“Memo to all you dads out there: you’d be thrilled if your little girl came home with a kid like Darren Helm in tow.”
As long as there’s been hockey, there’s been The Pest.
He’s the gnat circling your face. The army of ants invading your picnic.
The hockey pest is a whirling dervish of skating, checking, and supreme harassment.
They’ve had nicknames over the years—like hockey gangsters.
Bugsy. The Rat. The Little Ball of Hate. Terrible Ted.
What pack of NHL banditos would be complete without guys with monikers like that?
Yes, those are actual tags hung onto some of the game’s greatest disturbers.
Bryan Watson so infuriated the great Bobby Hull during a Red Wings-Blackhawks playoff series that Bobby himself called Watson “buggy”, which got turned into “Bugsy.”
Kenny Linseman seemed to be so close to his opponents as to be inside their jerseys. No doubt it was an exasperated victim of Linseman’s persistence who first called him The Rat.
Pat Verbeek possessed the typical physical trait of the NHL pest: he was short. Hockey players have often subscribed to the Napoleonic Complex. And Verbeek added just enough mean-spiritedness to his play to be dubbed The Little Ball of Hate.
Terrible Ted, of course, was Ted Lindsay. Enough said.
So how could a certified hockey pest be such a nice, quiet kid? How could he be so unassuming and shy that you think you’re talking to a high school freshman instead of a key player on the defending Stanley Cup champions?
Darren Helm and I spent some quiet moments together Friday during Media Day prior to the Stanley Cup Finals.
Of course, that’s easy to do, because Helm makes a clam with lockjaw seem talkative by comparison.
This is how deep the Red Wings are: on just about any other team in the league, the player who scored the game-winning goal, in overtime, to send his side to the Cup Finals would be mobbed by reporters on Media Day—the first opportunity to get 1-on-1 time with the hero.
Yet there Helm and I were, amidst all the frenzy, while the cameras and microphones and notepads surrounded, well, everyone else, it seemed.
“I’m more of a depth guy,” Helm said, as I strained to hear him. “I just try to chip in.”
And this is the guy who coach Mike Babcock called “The Energizer Bunny”?
Someone replace his batteries!
Helm does his talking on the ice, and that’s where he gets all pest-like.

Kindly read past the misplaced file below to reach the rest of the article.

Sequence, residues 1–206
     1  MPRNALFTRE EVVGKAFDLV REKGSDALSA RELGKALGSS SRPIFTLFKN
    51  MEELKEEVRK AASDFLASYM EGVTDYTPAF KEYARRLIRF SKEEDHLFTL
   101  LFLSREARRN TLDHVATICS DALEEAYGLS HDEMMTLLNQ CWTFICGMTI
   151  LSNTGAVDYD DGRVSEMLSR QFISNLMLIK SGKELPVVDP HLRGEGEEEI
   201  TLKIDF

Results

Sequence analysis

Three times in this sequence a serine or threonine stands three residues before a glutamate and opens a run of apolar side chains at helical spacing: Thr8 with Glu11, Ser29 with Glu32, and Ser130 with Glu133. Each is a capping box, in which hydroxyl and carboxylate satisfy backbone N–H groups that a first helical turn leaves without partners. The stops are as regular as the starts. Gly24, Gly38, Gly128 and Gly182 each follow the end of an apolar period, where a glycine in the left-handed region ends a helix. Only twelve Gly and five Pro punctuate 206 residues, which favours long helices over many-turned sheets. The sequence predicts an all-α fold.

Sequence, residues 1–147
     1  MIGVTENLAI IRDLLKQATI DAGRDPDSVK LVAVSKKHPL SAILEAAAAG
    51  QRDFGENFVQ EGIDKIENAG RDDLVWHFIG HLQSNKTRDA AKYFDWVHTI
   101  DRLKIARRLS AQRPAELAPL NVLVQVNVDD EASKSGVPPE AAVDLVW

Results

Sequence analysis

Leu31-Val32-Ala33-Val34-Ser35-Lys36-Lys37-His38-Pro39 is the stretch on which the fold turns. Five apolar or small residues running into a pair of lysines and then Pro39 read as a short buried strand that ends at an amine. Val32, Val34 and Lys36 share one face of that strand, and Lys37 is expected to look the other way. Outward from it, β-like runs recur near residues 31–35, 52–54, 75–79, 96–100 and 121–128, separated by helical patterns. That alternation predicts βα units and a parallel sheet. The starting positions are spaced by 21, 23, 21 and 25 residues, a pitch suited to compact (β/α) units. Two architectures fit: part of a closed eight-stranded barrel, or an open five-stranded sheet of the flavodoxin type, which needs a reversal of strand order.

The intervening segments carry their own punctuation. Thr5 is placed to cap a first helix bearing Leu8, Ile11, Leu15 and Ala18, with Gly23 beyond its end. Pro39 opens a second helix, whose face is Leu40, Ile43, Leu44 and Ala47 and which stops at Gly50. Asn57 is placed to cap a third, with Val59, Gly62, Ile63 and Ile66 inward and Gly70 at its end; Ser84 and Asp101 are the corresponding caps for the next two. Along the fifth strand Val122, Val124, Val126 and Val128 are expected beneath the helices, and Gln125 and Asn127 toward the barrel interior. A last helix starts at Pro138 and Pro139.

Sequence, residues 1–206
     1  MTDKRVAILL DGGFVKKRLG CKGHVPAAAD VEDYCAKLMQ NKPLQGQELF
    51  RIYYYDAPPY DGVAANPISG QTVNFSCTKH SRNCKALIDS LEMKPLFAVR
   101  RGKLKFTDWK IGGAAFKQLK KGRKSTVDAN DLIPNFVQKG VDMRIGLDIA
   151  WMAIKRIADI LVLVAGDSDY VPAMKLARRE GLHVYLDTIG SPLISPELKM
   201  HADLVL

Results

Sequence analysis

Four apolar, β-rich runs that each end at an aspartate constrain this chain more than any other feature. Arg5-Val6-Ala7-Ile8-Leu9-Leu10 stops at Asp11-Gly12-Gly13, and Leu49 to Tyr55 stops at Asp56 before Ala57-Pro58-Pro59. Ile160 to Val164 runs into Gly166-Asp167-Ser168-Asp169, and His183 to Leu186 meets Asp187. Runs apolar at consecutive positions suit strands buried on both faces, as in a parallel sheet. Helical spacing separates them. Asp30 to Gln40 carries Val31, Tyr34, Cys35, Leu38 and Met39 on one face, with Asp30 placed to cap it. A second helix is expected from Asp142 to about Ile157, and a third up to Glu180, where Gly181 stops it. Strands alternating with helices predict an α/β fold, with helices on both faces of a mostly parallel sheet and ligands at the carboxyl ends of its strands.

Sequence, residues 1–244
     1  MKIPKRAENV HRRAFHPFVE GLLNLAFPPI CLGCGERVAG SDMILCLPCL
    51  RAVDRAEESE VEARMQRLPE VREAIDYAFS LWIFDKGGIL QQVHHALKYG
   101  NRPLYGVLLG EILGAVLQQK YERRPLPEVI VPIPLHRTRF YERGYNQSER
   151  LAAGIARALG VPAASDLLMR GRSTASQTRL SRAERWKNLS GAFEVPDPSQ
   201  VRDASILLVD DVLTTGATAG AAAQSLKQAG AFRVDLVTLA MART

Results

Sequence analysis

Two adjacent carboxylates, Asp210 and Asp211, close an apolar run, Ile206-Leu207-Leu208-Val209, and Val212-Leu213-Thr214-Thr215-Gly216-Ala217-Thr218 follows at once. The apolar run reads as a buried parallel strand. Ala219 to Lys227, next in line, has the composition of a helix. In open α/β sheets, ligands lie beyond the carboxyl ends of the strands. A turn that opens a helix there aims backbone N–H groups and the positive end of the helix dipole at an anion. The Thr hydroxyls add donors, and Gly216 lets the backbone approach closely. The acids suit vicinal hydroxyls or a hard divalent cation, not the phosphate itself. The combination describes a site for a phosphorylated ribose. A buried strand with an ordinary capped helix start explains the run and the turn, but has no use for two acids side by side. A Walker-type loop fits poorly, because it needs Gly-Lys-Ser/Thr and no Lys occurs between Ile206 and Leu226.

Blazing speed. Obnoxiously persistent checking, to the point where sometimes you swear the kid is working with two sticks. Or that the Red Wings are working with two Helms: one for each side of the rink. At the same time.
I asked him how he learned to skate so doggone fast.
He gave me one of his “Aw, shucks”, embarrassed grins before practically whispering, “Just hard work, I guess.”
I didn’t buy it. And I won’t, until I see a rabbit on a treadmill at the gym.
Or until I see a gym, period.
Helm is the 22-year-old Manitobian who propelled the Red Wings to where they are now—about to take on the Pittsburgh Penguins in the Stanley Cup Finals: The Sequel—thanks to his goal at 3:58 of overtime on Wednesday night in Game Five of the conference finals against Chicago.
Not that you would know it.
The reporters continued to ignore Helm as he told me about how his parents instilled a work ethic into him and that “anyone in this room” could have gotten that series-winning goal—present company excluded, of course—and that he plays “hard between whistles.”
The more I talked to him, the more I either wanted: a) him to be six years younger, or b) my daughter to be six years older.
Memo to all you dads out there: you’d be thrilled if your little girl came home with a kid like Darren Helm in tow.
The Red Wings, for all their success, have remained an even keeled, level-headed bunch. There’s not a prima donna in that dressing room. And there won’t be in the future, if the future is in the hands of players like Helm and Jonathan Ericsson and even Henrik Zetterberg, who’s not all that old yet himself.
I liked Helm from the get-go last year, when he functioned as a sort of X-factor for the Red Wings in the playoffs.
The speed, of course, stood out first. How could it not, when Helm makes everyone else on the ice look like inanimate objects?
Then there’s the dogged checking—fore and back—which is so thorough that you can practically hear the other team’s guys sigh in annoyance from the press box.
And don’t forget Helm’s uncanny ability to “chip in,” as he puts it, with the occasional big goal.
Why, he’s Kris Draper—only 16 years younger and with more of a scoring touch, at least so far.
Since we had so much time to chit-chat, I asked Helm to describe the series-winning goal against the Blackhawks.
“The play was pretty fast,” he said of the course of events, in which a Brett Lebda shot from the point ping-ponged off the end boards and ended up in the goal crease, behind goalie Cristobal Huet.
“The puck was just lying there. I poked it in.
“But it all happened pretty fast.”
Only Darren Helm could describe scoring a clutch goal as if he was a mugging victim, giving his statement to police.
But just because Helm is young and looks like he’s about to cut your grass for ten bucks, doesn’t mean that the kid isn’t mature.
To wit, about the big goal on Wednesday night: “That goal doesn’t mean anything now. We’re trying to win the Stanley Cup.”
Ahh, so THAT’S why everyone was leaving him alone.
Why bother talking to a kid who just scored a goal that doesn’t matter anymore?
Especially when you can barely hear what he’s saying.
No worries; Helm’s play is like fingernails on a chalkboard to his beleaguered opponents.
He’ll get his unflattering nickname, soon enough. Which means he’s doing his job quite well.